Edward Glenn Biggs, 1932 – 2015

“What kind of banker are you?” a rancher asked Glenn Biggs when he arrived at First National Bank of San Antonio in 1970.

Biggs replied, “Well, a bank is like a heart that circulates money throughout the -”

“I’ll tell you what kind of banker you are,” interrupted the rancher. “You’re just like the one who renewed my loan for years, but when times got tough and I couldn’t pay, he called my note!”

“What did you do?” Biggs wondered.

“I begged and begged and he finally said, ‘I’ll make you a deal. You didn’t
know this, but I have a glass eye. If you tell me which one it is, I’ll extend your note.’

“When I picked the correct eye, he asked, ‘How did you know?’ I said, ‘Sir,
I perceived an ounce of compassion in that glass eye.’”

Each time Mr. Biggs told that story, it was better than the last. His jovial
yet commanding presence hung you on every word.

Edward Glenn Biggs died on May 26, in the year of his Lord two thousand fifteen. He was 82.

I first met Glenn when he interviewed me for a job at Texas Heritage Bank
where he served as chairman. We met at Denny’s. He obviously wasn’t concerned about impressing me.

But I left breakfast impressed by him and would be almost daily for the next six years. And not just by his contact list which included Fortune 500 CEOs, university presidents and U.S. senators, but also by the way he treated the cleaning crew and the receptionist.

“Once we boarded a flight from Dallas to San Antonio,” an associate recalled. “Glenn walked down the aisle high fiving dozens of people who knew and respected him. I slipped to the lavatory. When I returned, Glenn was embracing a flight attendant who was going through a tough time.

“That’s the kind of guy he was. You felt like his best friend because you
were. His heart was that big.”

Readers may remember Biggs as San Antonio’s CPS Energy board chair or as CEO of an effort to bring high speed rail to Texas in the early 90s. How nice would that be now when I-35 is a parking lot and airport security is a zoo.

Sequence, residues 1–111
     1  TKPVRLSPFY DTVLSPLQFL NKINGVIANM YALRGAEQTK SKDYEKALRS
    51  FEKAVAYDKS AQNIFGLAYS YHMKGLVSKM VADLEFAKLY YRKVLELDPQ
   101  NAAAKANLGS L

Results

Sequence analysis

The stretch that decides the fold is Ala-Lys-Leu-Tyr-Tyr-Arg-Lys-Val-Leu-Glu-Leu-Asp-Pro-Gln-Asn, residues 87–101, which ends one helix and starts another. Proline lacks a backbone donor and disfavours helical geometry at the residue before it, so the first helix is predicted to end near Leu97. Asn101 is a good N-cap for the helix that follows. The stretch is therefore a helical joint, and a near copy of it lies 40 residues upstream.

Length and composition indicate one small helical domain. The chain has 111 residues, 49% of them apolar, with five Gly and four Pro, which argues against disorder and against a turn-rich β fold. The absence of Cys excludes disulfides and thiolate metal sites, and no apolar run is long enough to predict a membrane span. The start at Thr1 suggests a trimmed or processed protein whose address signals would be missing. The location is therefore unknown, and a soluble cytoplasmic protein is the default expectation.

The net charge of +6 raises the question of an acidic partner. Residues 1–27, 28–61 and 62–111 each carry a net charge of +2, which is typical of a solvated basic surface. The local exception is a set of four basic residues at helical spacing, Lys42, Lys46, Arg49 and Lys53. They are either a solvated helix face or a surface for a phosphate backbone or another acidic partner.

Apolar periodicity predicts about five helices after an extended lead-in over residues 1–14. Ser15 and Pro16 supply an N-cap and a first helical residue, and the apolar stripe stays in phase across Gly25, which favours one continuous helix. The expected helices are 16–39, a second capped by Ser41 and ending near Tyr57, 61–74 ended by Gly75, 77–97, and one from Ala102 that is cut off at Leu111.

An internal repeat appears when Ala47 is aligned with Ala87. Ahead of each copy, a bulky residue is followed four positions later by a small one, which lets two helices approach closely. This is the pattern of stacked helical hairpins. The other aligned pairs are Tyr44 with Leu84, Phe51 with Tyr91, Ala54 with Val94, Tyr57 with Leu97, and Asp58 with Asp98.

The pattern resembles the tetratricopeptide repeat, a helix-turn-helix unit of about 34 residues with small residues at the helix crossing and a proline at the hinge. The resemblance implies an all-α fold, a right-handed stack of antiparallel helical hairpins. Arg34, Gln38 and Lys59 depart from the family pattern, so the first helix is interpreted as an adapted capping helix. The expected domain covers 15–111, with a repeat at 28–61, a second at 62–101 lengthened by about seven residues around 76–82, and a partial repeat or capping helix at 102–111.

“Glenn walked among leaders in the community,” a friend of forty years remembered. “They knew him and he knew them, but I but I don’t know anyone who didn’t like him. Usually standouts get crossways with some people, but that never happened with Glenn.”

Southwest Airlines founder Herb Kelleher thwarted the high speed rail project, for example, but Biggs still called him friend.

That didn’t mean the six-four, 250-pound frame stood without principle. Once he came into the break room looking for a soda. As he closed the fridge I said, “Mr. Biggs, there was a Pepsi in there.”

He declined. The chairman of Pepsico had berated him and other Texas bankers in the mid-80s for causing the nation’s financial woes, Glenn explained.

“I haven’t had a Pepsi product since.”

As you might imagine, Mr. Biggs was quite quotable. “She’s stronger than
a Mexican plate lunch,” he might say about a determined woman.

Or this one, particularly poignant at the moment: “I hope you live forever,
and I’m the last one to say good-bye.”

Good-bye, Mr. Biggs. Your best friends miss you tremendously.

Kevin Thompson can be reached at kevin@kwt.info.


1 Response to “Edward Glenn Biggs, 1932 – 2015”

  1. 1 Susan Allen December 31, 2015 at 15:27

    Just wonderful

    Susan (Susie) Allen
    Texas Heritage Bank
    1208 S. Main
    Boerne, Texas 78006
    Direct Line 830-815-1054
    Bank 830-249-3955
    Fax 830-249-3988

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